Title

Testing the The Shock Absorption Capability of Model Crash Barriers by Measuring Deflection

Author(s)

Simon Wyatt

School Name

Spring Valley High School

Grade Level

11th Grade

Presentation Topic

Engineering

Presentation Type

Non-Mentored

Abstract

One of the problems on racetracks, and especially very tight tracks with walls, is drivers crashing into the walls. In most simple tracks, the car and driver will meet a steel guardrail, which is mostly rigid, can severely damage cars, and has a high risk of hurting the driver. There are two other types of crash barriers that are used; however, tire barriers and a HDPF (high density polymer foam) barrier. The purpose of the research was to test which of these alternate crash barriers is the most effective at absorbing impacts by measuring deflection off of the barrier. It was hypothesized that the HDPF barrier would have the lower deflection and the rubber would have the higher deflection. To set up the experiment a ramp was constructed, and the barriers were placed at the end of them. A cart with weight on it was rolled down the ramp and hit the barrier. The deflection off of the barrier was measured in cm. The results showed the foam barrier with the lower deflection. A t-test was conducted to test the data for significance. At alpha=0.05, t(85)=-5.122, p<0.001. The data was significant and the results supported the hypothesis of the HPDF barrier being more effective and agreed with previous research findings.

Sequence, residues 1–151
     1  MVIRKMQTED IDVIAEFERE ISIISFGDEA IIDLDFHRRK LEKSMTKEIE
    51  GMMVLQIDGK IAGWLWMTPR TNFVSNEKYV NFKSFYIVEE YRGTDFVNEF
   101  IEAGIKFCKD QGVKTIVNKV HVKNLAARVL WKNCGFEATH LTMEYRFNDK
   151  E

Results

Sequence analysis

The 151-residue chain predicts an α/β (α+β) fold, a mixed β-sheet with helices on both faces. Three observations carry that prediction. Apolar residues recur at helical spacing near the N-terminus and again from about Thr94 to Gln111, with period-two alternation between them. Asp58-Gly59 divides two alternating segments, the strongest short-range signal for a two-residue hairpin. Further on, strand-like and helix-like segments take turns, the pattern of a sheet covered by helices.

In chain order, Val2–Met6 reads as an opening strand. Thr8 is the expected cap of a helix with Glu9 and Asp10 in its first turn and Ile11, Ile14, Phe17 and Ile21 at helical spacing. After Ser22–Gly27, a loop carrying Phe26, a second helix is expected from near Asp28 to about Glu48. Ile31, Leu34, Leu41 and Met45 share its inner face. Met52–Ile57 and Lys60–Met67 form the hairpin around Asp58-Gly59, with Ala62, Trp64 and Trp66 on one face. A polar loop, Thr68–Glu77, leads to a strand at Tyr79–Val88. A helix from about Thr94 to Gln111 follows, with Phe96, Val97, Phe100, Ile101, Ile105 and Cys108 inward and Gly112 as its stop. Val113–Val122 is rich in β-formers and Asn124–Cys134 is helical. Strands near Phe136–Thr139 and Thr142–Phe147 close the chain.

Location

John's Hall 107

Start Date

3-28-2020 12:15 PM

Presentation Format

Oral and Written

Group Project

No

COinS
 
Mar 28th, 12:15 PM

Testing the The Shock Absorption Capability of Model Crash Barriers by Measuring Deflection

John's Hall 107

One of the problems on racetracks, and especially very tight tracks with walls, is drivers crashing into the walls. In most simple tracks, the car and driver will meet a steel guardrail, which is mostly rigid, can severely damage cars, and has a high risk of hurting the driver. There are two other types of crash barriers that are used; however, tire barriers and a HDPF (high density polymer foam) barrier. The purpose of the research was to test which of these alternate crash barriers is the most effective at absorbing impacts by measuring deflection off of the barrier. It was hypothesized that the HDPF barrier would have the lower deflection and the rubber would have the higher deflection. To set up the experiment a ramp was constructed, and the barriers were placed at the end of them. A cart with weight on it was rolled down the ramp and hit the barrier. The deflection off of the barrier was measured in cm. The results showed the foam barrier with the lower deflection. A t-test was conducted to test the data for significance. At alpha=0.05, t(85)=-5.122, p<0.001. The data was significant and the results supported the hypothesis of the HPDF barrier being more effective and agreed with previous research findings.